This year, out of the 21 shows I saw (please note that it's not that I was twice as lazy, but that I was in Edinburgh for half as long) I gave two of them five stars, five of them four stars, 10 of them three stars, three of them two stars, and one of them one star.
In percentage terms (rounded to the nearest whole number*), this means that while last year five-star shows accounted for 2% of my total, this year they accounted for 10%; four-star shows accounted for 37% of the total in 2010, down to 24% this year; 26% of the shows I reviewed last year received three stars, compared to 48% this year; 21% of shows last year earned a two-star rating, down to 14% this year; and both this year and last, I gave one-star reviews to 5% of the shows I saw.
It would appear from these figures that in general I saw higher quality work this year than last, with significantly more shows receiving five and three-star ratings and significantly fewer shows receiving two star ratings this year. The trouble with drawing such neat conclusions, of course, is that star ratings only tell part of the story and are an inexact science, particularly in an intense critical atmosphere like the Fringe.
It's fairly common at the Fringe to hear artists bemoaning a 'three-star review that reads like a four' or any of the other possible variations on that statement, disappointed that the star rating their work has been given and the criticism it has received are somehow mismatched. Perhaps unexpectedly, this is almost as frustrating from a critical point of view: star ratings may be beloved of PRs and marketeers seeking an eye-catching way to make their clients' shows stand-out from the crowd, but any reviewer who truly cares about theatre must balk at a such a reductive system. There's nothing like writing a considered analysis of a piece of work to a very tight word limit (yet another frustration of reviewing at the Fringe) only for it to be skim-read purely for its star-rating.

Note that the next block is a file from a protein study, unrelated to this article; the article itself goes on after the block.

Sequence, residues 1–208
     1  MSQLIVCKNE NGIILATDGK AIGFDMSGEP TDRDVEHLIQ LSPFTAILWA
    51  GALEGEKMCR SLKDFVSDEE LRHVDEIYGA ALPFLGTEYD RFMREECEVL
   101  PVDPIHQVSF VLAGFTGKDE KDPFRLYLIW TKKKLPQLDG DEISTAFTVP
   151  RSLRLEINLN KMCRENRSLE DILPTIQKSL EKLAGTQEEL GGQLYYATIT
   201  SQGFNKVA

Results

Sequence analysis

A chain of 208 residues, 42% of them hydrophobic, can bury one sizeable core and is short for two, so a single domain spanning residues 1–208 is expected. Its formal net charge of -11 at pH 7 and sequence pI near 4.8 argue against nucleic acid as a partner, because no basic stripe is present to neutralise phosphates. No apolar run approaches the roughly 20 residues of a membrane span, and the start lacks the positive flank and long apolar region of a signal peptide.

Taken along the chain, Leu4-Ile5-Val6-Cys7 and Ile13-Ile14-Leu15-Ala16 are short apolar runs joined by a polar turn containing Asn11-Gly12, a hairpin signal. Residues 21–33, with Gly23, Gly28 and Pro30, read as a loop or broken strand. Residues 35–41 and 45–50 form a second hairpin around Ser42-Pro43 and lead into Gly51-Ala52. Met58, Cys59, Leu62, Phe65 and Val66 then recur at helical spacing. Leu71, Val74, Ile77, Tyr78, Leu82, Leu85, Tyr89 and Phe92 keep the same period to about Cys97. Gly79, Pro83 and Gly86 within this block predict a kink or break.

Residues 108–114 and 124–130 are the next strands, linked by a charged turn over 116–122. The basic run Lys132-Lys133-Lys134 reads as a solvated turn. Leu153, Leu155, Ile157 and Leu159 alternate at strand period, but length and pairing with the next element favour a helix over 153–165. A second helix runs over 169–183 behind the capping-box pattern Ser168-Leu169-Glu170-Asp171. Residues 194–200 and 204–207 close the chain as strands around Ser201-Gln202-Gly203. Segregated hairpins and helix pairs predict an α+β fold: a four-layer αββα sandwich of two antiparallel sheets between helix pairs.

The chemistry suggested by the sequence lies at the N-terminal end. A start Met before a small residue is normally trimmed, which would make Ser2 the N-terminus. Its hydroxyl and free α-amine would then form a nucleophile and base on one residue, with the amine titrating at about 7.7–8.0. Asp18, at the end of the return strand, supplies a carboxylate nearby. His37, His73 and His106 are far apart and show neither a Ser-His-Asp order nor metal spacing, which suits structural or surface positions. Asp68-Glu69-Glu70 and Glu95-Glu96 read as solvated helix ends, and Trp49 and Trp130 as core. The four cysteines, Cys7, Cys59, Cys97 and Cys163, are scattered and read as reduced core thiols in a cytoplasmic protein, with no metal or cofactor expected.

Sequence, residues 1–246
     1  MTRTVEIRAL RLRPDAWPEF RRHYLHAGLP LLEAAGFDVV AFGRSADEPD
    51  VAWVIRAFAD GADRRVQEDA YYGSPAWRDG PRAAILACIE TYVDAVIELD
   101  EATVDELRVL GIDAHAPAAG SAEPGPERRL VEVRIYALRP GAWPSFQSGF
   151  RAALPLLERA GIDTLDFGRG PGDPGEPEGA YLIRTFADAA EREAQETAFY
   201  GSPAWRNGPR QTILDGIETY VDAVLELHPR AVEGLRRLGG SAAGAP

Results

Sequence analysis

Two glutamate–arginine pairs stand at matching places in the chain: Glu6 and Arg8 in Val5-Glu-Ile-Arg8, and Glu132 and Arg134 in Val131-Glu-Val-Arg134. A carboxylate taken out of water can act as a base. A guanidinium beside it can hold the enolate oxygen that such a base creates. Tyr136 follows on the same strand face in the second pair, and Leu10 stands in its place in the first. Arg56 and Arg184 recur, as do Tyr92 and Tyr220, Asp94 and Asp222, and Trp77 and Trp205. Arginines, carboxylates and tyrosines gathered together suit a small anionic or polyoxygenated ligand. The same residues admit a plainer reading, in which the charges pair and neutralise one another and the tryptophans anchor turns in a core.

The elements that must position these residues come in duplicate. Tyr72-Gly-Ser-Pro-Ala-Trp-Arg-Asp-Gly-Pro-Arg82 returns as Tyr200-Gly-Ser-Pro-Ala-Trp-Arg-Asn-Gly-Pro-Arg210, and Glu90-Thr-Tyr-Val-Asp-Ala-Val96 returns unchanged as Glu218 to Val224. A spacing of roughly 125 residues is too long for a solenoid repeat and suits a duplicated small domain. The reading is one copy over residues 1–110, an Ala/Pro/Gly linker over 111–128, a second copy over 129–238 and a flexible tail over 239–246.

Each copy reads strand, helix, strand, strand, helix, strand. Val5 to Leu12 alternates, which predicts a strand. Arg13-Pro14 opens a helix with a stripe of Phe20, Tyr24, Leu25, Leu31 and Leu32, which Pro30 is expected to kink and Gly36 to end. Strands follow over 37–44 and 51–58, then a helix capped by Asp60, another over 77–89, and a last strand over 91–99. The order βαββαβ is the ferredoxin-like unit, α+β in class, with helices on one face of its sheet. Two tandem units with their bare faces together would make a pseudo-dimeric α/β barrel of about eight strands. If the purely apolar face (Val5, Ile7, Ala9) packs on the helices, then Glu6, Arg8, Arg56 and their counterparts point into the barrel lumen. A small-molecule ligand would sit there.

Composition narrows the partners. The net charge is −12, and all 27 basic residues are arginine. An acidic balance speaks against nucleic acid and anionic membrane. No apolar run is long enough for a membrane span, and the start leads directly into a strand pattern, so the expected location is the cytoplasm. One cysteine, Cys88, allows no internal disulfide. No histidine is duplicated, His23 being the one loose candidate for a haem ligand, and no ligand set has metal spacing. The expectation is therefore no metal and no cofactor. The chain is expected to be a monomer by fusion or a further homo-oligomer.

The added difficulty is that although in an ideal world critics should be judging every show they see on its individual merits, in the harsh reality of the Fringe, where you're seeing and reviewing multiple shows every day for days on end, this is easier said than done. It's unlikely that a student production with a tiny budget and a cast of inexperienced young actors will compare favourably with a show by a well-reviewed, Arts Council-funded organisation playing the Fringe as the jumping off point for a costly national tour – this much is obvious. Less obvious though is how to avoid letting your impression of that slick, professional show affect your take on the ramshackle but promising piece of work that you find yourself watching less than an hour later. It's a constant battle, and one that I fear I don't always win, despite my best efforts.
All that said, thought, the question remains: did I see better work this year than in 2010? I'd have to say 'yes', but it doesn't actually matter in the slightest: it's not like we can extrapolate anything about the standard of work at the Fringe from such a tiny sample. The only conclusion I do feel it's fair to draw from this data is that over time, I've become marginally more skilled at selecting shows to review. If I continue at this rate, by Fringe 2020, I'll be giving almost everything I see five stars. Bring it on.
*Please excuse any errors in my figures. It's been a long day.
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